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Offering commentary and analysis from Washington, Oregon, and Idaho, The Cascadia Advocate is the Northwest Progressive Institute's uplifting perspective on world, national, and local politics.

Saturday, February 23rd, 2019

Documentary Review: “Silas” will take you inside the fight against corruption in Liberia

Pic­ture this: A Pres­i­dent who cam­paigned on a pledge to reduce cor­rup­tion in  gov­ern­ment, but then appoint­ed fam­i­ly mem­bers to key gov­ern­ment posi­tions, as ethics imbroglios sky­rock­et and shady deals are struck out of pub­lic view.

No, I’m not talk­ing about the Unit­ed States, I’m talk­ing about Liberia, where activist Silas Siakor has been lead­ing the fight against gov­ern­ment cor­rup­tion and col­lu­sion with tim­ber com­pa­nies, who are dis­plac­ing whole com­mu­ni­ties while enrich­ing them­selves and destroy­ing the environment.

Siakor, win­ner of the Gold­man Envi­ron­men­tal Prize, is the sub­ject of “Silas”, a doc­u­men­tary that has been on the fes­ti­val cir­cuit for the last year and which I screened at the 2018 Seat­tle Inter­na­tion­al Film Festival.

Liberia is a coun­try that went through twen­ty-five years of polit­i­cal insta­bil­i­ty and inter­mit­tent vio­lence after a mil­i­tary coup in 1980.

Charles Tay­lor was Pres­i­dent of Liberia dur­ing part of that time, from 1997 to 2003. Tay­lor was a war­lord, fund­ed by mon­ey from dia­monds and tim­ber. Ships were “tak­ing out tim­ber and bring­ing in guns,” accord­ing to the film.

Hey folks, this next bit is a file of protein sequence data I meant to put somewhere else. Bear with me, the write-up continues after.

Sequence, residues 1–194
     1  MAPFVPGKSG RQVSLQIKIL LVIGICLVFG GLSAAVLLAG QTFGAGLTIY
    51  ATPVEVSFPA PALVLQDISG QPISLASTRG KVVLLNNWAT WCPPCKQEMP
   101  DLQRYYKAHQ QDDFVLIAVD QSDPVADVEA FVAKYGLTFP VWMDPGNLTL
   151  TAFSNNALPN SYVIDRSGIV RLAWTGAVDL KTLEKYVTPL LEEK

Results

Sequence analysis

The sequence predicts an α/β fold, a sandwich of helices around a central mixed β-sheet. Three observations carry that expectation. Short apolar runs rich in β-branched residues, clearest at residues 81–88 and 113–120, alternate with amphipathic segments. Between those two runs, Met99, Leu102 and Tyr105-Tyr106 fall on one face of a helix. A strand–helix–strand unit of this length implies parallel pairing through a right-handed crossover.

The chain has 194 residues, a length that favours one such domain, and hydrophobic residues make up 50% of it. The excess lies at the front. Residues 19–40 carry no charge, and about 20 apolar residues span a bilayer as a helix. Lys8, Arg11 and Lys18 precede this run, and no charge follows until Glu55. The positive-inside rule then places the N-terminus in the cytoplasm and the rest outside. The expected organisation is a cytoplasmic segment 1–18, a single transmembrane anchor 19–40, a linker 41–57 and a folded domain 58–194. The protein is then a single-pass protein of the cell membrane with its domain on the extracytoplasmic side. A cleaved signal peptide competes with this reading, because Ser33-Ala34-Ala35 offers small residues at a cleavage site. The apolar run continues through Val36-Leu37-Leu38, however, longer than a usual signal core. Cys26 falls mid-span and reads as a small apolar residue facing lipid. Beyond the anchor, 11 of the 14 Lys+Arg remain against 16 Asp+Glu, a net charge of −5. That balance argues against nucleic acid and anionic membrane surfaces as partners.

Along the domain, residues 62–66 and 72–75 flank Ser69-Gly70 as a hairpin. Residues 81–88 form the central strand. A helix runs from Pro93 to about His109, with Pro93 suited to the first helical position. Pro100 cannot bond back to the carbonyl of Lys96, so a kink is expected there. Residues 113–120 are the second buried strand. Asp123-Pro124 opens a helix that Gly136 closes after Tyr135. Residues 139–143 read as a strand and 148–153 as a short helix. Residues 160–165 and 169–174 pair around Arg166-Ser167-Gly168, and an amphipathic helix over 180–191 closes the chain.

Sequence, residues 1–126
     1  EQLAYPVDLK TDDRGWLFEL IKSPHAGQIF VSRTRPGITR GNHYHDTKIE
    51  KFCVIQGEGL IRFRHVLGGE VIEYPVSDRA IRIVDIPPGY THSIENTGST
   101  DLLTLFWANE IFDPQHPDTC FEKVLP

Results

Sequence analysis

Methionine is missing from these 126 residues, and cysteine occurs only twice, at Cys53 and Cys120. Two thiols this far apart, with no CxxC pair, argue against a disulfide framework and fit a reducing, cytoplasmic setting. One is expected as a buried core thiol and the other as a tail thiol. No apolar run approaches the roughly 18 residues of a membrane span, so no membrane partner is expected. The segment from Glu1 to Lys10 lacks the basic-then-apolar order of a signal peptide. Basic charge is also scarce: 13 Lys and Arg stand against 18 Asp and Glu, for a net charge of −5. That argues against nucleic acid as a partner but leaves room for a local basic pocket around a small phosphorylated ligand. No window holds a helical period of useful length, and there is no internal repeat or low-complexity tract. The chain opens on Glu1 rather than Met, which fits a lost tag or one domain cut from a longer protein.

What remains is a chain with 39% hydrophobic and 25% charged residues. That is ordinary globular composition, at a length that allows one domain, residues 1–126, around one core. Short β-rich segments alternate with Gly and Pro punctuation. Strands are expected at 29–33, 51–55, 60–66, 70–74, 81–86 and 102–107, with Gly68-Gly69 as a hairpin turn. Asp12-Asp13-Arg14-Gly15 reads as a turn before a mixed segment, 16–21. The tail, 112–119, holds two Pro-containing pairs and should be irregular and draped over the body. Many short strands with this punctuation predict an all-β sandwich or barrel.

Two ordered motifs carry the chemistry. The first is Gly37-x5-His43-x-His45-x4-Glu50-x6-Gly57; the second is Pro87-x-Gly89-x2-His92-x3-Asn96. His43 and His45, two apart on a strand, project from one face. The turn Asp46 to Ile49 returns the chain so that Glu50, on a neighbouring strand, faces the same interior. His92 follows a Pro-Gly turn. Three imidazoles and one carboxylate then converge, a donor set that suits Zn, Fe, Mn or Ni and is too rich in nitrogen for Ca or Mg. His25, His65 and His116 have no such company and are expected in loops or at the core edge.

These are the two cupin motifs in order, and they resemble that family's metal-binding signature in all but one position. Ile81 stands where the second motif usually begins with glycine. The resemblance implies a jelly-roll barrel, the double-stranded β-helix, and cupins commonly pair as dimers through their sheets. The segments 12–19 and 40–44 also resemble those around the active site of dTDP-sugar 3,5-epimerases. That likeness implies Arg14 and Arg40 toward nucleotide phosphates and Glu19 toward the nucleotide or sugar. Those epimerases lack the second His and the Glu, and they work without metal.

Siakor and oth­er activists brought evi­dence to the inter­na­tion­al com­mu­ni­ty of human rights abus­es and the plun­der of the forests. A sub­se­quent inves­ti­ga­tion led to Unit­ed Nations sanc­tions and the down­fall of Tay­lor’s regime. Tay­lor was even­tu­al­ly found guilty of aid­ing and abet­ting war crimes, the first for­mer head of state to charged in inter­na­tion­al court.

It was for this work that Siakor won the Gold­man Envi­ron­men­tal Prize for Africa in 2006.

In 2005, Liberia had their first demo­c­ra­t­ic elec­tions after for­teen years of civ­il war. The per­son cho­sen to gov­ern was Ellen John­son Sir­leaf, Africa’s first demo­c­ra­t­i­cal­ly-elect­ed woman pres­i­dent. Sir­leaf ran as a reformer, and Siakor vot­ed for her.

Unfor­tu­nate­ly, Tay­lor’s oust­ing did not spell the end of the gov­ern­ment cor­rup­tion and mis­use of the coun­try’s nat­ur­al resources in order to enrich the select few. Under Sir­leaf’s con­trol, the gov­ern­ment con­tin­ued to over­sell per­mits to tim­ber com­pa­nies, to the detri­ment of the coun­try’s cit­i­zens as well as the environment.

The new gov­ern­ment intro­duced reforms, but Siakor reg­u­lar­ly received reports from com­mu­ni­ties that the gov­ern­ment is fail­ing to imple­ment it’s new laws.

Sir­leaf enjoyed a lot of inter­na­tion­al sup­port and atten­tion, so Siakor faced an uphill bat­tle get­ting peo­ple to lis­ten to him and oth­er activists.

More than one mil­lion peo­ple, about one-quar­ter of the pop­u­la­tion of Liberia, live in the areas that have been hand­ed over to for­eign tim­ber companies.